Sunday, 12 June 2016

Week 11 Sunday (Year C)

Readings: 2 Samuel 12:7-10,13; Psalm 31:1-2,5,7,11; Galatians 2:16,19-21; Luke 7:36-8:3

The Gospel of Luke tells us about a number of symposia in which Jesus took part. One was at the house of Levi, the tax collector, after he had been called by Jesus (Luke 5). The symposium is a classical setting: a group of men, having dinner together, putting questions and dialoguing about the issues raised. The same setting is found in Luke 11 and Luke 14, similar events in which the discussion sometimes becomes provocative and argumentative. These dinner parties gave Jesus an opportunity to teach and he used them to comment on rituals such as hand-washing and to tell parables about banquets and being invited to feasts.

Today's gospel reading recounts what is, after the Last Supper, the most remarkable of these Lucan symposia. The male company is interrupted by a woman of ill repute who proceeds to kiss Jesus, wash his feet with her tears, dry them with her hair, and massage them with ointment. In fact it is remarkably like the Last Supper as John recounts it, where Jesus washes the feet of his disciples, and dries them.

The woman's actions give the host bad thoughts. But these thoughts are known to Jesus who draws a contrast between the woman's tenderness and love, and his host's unfriendliness and discourtesy. We are not sure what the host's motivation was in inviting Jesus but we are certain that the woman is urged on (moved, provoked) by the love of Christ. Of her can be said already what Paul was to say of all who are moved by the Spirit of Jesus: 'caritas Christi urget nos', the love of Christ urges us, moves us, provokes us.

Jesus sees her love and its source: her many sins must have been forgiven - how else explain such great love? He said this, it seems, to the Pharisee, his host, and then, in front of everyone, said to the woman, 'your sins are forgiven'. There is no other symposium like this in the ancient world where a guest claims the ability to forgive sins, and it provokes murmurs of protest. But Jesus continues on his way, proclaiming the good news of the kingdom. The woman had clearly understood the meaning of that good news and, it may be, is one of the women included among his entourage.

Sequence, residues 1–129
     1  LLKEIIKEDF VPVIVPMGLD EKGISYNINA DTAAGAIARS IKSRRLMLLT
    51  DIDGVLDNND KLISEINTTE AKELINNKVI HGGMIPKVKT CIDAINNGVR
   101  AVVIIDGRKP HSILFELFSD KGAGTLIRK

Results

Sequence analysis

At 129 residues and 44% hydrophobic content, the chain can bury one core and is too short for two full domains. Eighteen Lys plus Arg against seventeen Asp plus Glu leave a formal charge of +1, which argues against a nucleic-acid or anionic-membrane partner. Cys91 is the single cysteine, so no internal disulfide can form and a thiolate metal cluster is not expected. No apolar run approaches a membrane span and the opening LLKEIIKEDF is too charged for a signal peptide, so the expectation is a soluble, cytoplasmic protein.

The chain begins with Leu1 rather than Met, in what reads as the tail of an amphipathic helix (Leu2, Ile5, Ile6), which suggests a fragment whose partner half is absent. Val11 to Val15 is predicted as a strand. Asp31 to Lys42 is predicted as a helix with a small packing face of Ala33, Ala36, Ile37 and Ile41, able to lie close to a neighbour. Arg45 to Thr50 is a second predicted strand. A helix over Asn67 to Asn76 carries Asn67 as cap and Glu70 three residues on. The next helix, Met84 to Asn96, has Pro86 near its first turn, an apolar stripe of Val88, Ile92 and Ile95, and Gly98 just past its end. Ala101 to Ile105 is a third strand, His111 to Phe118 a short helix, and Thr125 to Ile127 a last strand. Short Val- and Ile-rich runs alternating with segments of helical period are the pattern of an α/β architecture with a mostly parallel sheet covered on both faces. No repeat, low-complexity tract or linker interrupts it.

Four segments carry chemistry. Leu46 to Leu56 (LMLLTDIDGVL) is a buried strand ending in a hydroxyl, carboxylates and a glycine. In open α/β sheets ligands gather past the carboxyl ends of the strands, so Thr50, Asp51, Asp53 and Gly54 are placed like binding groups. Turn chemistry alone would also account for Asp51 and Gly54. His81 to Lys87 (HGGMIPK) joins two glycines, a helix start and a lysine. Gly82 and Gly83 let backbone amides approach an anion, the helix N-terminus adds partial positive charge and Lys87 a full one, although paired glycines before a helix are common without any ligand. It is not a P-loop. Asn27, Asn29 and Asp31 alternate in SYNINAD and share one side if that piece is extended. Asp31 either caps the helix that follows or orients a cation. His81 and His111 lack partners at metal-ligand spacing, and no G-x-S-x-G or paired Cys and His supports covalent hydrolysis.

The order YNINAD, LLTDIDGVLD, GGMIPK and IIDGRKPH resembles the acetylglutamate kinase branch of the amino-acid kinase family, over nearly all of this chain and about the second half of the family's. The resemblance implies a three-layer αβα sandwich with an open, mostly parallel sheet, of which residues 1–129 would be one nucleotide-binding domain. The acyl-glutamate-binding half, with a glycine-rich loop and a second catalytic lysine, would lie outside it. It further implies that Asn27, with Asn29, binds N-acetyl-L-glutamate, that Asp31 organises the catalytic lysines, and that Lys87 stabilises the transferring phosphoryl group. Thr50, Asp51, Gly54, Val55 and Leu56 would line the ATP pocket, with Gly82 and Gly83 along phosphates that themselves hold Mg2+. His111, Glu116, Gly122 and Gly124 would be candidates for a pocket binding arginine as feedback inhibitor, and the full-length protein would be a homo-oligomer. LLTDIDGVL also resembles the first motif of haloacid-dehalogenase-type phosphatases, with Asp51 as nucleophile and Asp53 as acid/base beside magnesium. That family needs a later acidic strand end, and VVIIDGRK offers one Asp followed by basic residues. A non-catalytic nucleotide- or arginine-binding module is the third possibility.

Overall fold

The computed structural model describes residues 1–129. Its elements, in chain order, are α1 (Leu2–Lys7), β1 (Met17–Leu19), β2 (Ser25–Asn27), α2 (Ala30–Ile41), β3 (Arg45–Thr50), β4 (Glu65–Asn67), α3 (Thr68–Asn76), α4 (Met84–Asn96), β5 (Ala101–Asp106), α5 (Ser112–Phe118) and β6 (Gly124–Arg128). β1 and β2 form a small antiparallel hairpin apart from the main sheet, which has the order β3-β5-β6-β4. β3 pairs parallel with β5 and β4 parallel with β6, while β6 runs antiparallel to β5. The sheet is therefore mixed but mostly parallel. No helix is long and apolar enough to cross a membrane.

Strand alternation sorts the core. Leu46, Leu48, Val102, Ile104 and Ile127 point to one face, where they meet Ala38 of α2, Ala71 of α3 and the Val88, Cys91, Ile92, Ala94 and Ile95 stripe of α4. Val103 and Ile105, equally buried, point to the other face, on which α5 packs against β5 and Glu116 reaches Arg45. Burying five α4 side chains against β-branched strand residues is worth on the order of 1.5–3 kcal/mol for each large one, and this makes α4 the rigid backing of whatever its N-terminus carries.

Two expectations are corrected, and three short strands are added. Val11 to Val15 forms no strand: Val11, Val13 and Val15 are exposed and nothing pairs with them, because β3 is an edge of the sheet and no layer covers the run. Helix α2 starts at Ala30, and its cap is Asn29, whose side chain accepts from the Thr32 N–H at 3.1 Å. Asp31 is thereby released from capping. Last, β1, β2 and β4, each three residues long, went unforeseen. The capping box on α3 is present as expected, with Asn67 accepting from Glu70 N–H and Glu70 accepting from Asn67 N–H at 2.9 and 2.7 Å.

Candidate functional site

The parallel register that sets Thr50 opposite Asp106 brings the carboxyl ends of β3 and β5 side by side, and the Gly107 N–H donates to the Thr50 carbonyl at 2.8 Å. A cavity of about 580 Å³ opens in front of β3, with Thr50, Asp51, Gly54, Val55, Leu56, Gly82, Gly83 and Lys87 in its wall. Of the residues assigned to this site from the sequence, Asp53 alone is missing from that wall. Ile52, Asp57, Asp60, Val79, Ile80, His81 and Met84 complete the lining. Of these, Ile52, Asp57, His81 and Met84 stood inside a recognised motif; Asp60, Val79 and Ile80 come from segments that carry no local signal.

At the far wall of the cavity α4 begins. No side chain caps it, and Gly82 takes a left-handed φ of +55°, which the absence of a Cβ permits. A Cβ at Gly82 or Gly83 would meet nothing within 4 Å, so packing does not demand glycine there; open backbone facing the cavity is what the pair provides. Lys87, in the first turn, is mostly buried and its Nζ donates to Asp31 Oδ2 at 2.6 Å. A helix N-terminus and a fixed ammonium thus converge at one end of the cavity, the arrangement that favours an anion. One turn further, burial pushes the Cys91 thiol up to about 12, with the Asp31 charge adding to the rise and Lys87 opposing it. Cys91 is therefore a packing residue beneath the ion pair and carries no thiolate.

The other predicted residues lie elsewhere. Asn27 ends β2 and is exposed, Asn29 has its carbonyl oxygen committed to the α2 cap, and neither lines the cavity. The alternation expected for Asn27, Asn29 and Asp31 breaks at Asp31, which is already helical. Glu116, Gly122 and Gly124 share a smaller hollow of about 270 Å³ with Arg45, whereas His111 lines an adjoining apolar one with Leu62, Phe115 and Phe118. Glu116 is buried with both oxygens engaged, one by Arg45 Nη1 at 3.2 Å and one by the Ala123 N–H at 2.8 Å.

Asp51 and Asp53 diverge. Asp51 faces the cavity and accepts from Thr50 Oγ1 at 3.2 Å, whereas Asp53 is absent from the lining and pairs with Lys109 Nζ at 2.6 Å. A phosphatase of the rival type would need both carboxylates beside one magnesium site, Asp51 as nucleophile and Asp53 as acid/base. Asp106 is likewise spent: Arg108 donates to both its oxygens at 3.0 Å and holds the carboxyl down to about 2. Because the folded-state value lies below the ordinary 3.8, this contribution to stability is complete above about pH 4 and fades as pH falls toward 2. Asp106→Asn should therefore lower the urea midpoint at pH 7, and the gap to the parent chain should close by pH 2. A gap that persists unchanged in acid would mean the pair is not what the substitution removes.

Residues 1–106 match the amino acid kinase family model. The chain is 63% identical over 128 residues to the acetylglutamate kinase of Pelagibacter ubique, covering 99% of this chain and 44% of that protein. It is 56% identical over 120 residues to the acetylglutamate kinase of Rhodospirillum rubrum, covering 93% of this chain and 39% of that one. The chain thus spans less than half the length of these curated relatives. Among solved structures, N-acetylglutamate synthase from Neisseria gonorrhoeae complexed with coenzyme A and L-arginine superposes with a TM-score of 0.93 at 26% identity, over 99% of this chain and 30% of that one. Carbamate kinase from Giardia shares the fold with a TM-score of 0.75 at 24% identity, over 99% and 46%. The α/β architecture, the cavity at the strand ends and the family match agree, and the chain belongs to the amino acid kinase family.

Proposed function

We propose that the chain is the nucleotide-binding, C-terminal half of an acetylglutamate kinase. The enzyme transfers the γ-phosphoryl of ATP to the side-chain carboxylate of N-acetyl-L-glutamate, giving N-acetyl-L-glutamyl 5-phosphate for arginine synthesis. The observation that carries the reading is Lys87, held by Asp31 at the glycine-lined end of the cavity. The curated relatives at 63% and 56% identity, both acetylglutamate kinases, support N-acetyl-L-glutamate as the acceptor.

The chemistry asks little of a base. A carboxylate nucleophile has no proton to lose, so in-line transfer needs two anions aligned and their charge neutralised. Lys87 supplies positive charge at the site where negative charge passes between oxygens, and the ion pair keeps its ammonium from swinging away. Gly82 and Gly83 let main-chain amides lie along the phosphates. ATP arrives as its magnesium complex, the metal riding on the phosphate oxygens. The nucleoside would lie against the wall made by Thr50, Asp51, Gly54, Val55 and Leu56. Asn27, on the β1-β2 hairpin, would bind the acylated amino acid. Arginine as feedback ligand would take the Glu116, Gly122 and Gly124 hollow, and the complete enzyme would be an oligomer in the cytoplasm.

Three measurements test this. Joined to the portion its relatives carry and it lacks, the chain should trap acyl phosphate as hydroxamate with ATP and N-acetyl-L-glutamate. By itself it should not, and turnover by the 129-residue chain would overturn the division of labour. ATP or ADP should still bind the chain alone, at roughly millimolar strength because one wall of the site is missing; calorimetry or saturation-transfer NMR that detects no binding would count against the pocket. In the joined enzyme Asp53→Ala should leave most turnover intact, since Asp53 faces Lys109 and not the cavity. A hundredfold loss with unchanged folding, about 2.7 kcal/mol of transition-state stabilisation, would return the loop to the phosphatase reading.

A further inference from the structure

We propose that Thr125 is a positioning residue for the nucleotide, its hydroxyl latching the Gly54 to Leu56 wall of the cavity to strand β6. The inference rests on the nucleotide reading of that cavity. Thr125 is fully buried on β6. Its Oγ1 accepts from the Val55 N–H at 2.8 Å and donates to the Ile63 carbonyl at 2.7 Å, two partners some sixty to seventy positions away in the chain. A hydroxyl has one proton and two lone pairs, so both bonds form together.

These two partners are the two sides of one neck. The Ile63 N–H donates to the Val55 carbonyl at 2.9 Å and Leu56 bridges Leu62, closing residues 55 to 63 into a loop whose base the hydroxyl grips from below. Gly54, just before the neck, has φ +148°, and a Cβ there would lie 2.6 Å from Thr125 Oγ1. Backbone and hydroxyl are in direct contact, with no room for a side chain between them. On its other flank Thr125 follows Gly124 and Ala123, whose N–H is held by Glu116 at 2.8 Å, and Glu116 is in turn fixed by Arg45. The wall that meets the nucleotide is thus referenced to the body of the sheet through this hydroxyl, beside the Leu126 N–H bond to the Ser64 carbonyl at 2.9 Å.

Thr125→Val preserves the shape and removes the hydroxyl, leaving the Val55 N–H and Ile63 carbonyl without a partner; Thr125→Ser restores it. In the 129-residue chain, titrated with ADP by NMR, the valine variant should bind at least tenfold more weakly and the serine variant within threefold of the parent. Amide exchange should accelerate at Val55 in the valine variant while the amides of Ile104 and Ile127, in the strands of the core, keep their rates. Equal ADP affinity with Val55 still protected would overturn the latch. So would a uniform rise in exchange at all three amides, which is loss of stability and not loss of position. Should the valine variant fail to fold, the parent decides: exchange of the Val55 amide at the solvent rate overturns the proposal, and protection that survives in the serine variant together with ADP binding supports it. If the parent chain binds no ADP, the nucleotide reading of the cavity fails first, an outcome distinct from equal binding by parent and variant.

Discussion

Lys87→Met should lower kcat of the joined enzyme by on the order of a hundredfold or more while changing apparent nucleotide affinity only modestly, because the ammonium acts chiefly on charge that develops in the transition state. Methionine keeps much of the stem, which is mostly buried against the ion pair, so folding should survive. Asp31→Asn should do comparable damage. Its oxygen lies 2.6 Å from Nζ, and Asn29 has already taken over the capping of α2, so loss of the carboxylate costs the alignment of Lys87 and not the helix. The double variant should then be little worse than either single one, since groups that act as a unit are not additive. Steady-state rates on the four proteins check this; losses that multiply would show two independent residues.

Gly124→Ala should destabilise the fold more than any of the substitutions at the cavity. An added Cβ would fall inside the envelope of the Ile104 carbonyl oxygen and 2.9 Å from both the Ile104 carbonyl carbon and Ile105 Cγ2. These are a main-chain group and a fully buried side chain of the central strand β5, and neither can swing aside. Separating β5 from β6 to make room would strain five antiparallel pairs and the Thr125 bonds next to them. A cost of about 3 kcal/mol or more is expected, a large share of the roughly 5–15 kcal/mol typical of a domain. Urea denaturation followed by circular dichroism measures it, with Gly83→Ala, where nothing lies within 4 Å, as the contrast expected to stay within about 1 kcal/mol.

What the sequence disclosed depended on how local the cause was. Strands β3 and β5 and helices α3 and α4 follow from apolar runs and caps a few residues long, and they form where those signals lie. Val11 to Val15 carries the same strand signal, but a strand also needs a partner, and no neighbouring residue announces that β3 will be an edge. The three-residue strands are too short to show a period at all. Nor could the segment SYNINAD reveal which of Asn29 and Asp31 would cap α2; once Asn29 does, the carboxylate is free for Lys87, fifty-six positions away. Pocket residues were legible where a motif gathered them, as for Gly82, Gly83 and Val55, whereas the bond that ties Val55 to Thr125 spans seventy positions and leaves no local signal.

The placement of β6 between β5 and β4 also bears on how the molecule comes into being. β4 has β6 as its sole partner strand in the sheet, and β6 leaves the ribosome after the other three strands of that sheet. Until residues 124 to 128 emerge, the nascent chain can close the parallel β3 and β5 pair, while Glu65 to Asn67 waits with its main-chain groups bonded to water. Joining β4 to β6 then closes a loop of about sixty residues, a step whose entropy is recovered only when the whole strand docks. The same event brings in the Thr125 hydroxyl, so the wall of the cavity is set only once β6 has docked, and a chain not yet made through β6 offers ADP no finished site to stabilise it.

So who is she? Is she Mary Magdalene, mentioned as one of that group of healed women? Is she the woman caught in adultery and forgiven by Jesus, whose story has wandered from Luke's gospel to John 8? Is she the unfaithful wife of Hosea, a woman representing unfaithful Israel, a sinner whose journey to repentance is actually easier than is that of the Pharisee although (because?) her sins are more obvious and more scandalous?

'She has been forgiven before she has been forgiven' is more or less what Jesus says. Her many sins must have been forgiven because she has loved much. Translators struggle with the meaning of the text and theologians with its implications for understanding repentance and forgiveness. In one and the same moment we see her contrition, generated by the love of Christ, and His words of absolution, generated by the same love. Are we forgiven because we love much, or do we love much because we have been forgiven? One is tempted to turn immediately to Augustine's comment when he became exasperated at his own efforts to explain the mystery of grace, 'show me a lover, he will understand'.

The symposium of Luke 7, like the famous Symposium of Plato, is, then, about eros. It is about the human eros which seeks union with a Beloved who heals infirmities and expels evil, who restores to integrity and goodness. It is about the Divine Eros, Jesus Himself, who seeks union with a beloved who turns to Him in faith and trust, who desires to be made well again: 'say but this Word and my soul shall be healed'.

People looking on at these Divine and human exchanges may well be embarrassed and even scandalised. But they are invited also to this 'erotic banquet' in which now we even eat His Body and drink His Blood. They are invited to shed their pride and be present in simplicity, not hiding their vulnerability and fragility but allowing the Lord of Life, through His Word and Sacrament, to kiss and touch and heal them. Caritas Christi urget nos ...

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